Some NHS family doctors are earning more than £100,000 a year - up to 30 per cent higher than estimated by the British Medical Association.

The findings raise concerns about how new "paid by results" contracts for GPs, which were designed to help deprived areas, are being implemented.

Doctors' leaders accused the Government of using the contracts to divide GPs and undermine the power of the BMA.

The British Medical Association disputed the figures, which were taken from a survey of 5,000 GPs by the Association of Independent Specialist Medical Accountants (Aisma). The average GP earned £79,509 last year, according to Aisma - almost £20,000 more than the BMA's estimate of £61,000.

In 141 practices, GPs earned more than £100,000 a year, the survey found. In 2001 only 91 practices had doctors earning more than five figures.

The survey found big gaps between the money earned by GPs on traditional, national contracts and those on Personal Medical Services contracts, which are negotiated locally. Doctors on the PMS contracts earned almost a third more in 2002.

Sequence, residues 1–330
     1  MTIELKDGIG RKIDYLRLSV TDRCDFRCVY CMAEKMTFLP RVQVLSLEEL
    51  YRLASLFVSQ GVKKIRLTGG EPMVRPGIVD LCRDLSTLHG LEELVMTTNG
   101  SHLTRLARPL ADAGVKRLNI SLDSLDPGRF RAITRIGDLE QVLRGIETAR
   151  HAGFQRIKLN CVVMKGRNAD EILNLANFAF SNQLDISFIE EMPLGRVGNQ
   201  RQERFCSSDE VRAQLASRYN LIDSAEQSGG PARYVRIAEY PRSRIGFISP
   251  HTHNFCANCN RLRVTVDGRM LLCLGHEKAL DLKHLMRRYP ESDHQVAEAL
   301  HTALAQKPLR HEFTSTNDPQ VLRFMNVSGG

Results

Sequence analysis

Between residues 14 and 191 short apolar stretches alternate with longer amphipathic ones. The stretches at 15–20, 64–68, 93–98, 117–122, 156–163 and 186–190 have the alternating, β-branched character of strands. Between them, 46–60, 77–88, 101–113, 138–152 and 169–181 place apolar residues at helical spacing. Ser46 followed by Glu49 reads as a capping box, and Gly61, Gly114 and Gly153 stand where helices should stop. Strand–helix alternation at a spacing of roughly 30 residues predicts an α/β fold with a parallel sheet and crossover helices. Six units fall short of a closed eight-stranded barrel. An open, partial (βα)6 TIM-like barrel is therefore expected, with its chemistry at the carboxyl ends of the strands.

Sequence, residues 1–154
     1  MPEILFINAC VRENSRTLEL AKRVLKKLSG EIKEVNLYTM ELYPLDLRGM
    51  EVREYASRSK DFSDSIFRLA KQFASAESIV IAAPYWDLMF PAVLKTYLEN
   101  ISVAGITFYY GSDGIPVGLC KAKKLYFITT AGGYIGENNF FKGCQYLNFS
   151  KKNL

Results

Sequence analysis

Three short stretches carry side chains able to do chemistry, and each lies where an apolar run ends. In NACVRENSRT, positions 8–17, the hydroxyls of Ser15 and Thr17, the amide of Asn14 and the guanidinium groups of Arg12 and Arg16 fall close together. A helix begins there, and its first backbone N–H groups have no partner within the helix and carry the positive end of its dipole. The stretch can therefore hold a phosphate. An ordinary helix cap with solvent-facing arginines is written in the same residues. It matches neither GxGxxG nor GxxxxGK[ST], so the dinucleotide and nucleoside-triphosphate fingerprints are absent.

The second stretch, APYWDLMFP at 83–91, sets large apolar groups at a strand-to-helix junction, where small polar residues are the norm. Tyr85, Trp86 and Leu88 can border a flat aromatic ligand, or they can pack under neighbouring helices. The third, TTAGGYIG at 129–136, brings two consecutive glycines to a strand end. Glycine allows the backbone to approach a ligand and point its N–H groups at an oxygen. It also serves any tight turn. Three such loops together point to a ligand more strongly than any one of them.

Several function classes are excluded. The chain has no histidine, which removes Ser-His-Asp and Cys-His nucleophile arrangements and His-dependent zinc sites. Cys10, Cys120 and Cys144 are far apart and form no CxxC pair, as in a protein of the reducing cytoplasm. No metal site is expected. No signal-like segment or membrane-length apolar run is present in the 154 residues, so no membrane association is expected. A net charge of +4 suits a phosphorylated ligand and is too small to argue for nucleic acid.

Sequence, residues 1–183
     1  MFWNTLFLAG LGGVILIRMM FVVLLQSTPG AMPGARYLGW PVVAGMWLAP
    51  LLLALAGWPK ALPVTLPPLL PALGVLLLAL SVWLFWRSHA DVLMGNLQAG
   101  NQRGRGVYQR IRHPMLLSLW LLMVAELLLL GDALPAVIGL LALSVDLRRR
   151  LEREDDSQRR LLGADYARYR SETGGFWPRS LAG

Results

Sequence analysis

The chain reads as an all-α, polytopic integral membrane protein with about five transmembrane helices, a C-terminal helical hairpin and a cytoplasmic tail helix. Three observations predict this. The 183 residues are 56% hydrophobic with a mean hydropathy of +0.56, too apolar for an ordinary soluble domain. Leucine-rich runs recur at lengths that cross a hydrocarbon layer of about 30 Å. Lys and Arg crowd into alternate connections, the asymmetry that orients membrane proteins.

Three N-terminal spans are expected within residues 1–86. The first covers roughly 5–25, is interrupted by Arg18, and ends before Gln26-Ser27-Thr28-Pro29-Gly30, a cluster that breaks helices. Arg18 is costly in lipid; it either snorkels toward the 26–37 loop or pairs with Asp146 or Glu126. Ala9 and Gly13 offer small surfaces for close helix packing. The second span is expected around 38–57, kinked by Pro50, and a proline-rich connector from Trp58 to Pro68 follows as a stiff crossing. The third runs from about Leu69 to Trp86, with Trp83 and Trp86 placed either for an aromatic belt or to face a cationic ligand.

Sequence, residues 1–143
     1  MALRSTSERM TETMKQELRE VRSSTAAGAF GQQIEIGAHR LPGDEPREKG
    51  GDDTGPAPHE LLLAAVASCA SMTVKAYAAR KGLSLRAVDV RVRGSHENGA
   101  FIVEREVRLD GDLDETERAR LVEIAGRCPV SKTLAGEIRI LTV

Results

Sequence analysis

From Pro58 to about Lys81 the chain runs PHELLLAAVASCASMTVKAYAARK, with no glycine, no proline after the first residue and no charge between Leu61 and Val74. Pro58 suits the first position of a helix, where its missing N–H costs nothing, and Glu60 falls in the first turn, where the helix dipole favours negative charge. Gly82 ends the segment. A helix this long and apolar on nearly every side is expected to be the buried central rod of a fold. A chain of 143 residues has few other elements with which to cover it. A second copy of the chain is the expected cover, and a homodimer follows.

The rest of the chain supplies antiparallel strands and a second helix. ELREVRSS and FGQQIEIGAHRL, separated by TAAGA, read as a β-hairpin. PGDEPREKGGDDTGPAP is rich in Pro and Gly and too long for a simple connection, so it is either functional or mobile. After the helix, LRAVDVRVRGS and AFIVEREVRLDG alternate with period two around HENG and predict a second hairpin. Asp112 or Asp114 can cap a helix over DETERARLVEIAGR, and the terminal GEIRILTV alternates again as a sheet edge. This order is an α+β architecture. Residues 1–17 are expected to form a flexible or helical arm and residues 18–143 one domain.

The PMS contracts were introduced in 1998 with the aim of encouraging more GPs to work in deprived areas with a shortage of doctors. They are designed to pay GPs for providing extra services, such as drugs and alcohol counselling. Bob Senior, of Aisma, said: "They are getting paid more for delivering more."

The PMS practices are also dealing with more patients - 2,046 per full-time GP, compared with 1,942 per doctor on a national contract.

One in four GPs currently work under PMS contracts, although the Government wanted one in three to be signed up by last year.

But Dr Peter Holden , of the BMA, said: "Aisma tends to represent the high-earning GPs, and they have taken into account non-NHS earnings such as the payments doctors get for providing services such as police work." He said the average PMS doctor earned £66,000 and a doctor on a traditional contract earned £58,000.

The salary findings come at a crucial time for doctors on traditional contracts, which have been re-negotiated by the BMA and the Government. Dr Holden, a negotiator on the new contracts, accused the Government of trying to undermine the BMA by "bribing" doctors into the PMS camp.